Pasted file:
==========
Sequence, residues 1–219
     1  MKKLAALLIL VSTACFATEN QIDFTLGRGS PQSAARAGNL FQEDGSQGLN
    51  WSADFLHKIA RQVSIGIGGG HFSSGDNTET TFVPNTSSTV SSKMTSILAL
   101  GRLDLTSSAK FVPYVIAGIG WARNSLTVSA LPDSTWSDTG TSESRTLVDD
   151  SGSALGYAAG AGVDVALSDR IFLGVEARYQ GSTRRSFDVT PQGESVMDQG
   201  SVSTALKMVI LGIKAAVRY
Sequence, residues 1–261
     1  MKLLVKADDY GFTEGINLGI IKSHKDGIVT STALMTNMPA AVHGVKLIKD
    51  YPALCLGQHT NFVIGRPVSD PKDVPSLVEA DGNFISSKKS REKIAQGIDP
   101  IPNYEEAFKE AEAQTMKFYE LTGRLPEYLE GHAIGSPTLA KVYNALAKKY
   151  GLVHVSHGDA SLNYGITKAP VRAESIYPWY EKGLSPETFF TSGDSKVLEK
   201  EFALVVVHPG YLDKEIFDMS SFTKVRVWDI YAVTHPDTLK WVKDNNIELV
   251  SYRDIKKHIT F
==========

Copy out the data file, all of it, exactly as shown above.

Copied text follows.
Sequence, residues 1–219
     1  MKKLAALLIL VSTACFATEN QIDFTLGRGS PQSAARAGNL FQEDGSQGLN
    51  WSADFLHKIA RQVSIGIGGG HFSSGDNTET TFVPNTSSTV SSKMTSILAL
   101  GRLDLTSSAK FVPYVIAGIG WARNSLTVSA LPDSTWSDTG TSESRTLVDD
   151  SGSALGYAAG AGVDVALSDR IFLGVEARYQ GSTRRSFDVT PQGESVMDQG
   201  SVSTALKMVI LGIKAAVRY
Sequence, residues 1–261
     1  MKLLVKADDY GFTEGINLGI IKSHKDGIVT STALMTNMPA AVHGVKLIKD
    51  YPALCLGQHT NFVIGRPVSD PKDVPSLVEA DGNFISSKKS REKIAQGIDP
   101  IPNYEEAFKE AEAQTMKFYE LTGRLPEYLE GHAIGSPTLA KVYNALAKKY
   151  GLVHVSHGDA SLNYGITKAP VRAESIYPWY EKGLSPETFF TSGDSKVLEK
   201  EFALVVVHPG YLDKEIFDMS SFTKVRVWDI YAVTHPDTLK WVKDNNIELV
   251  SYRDIKKHIT F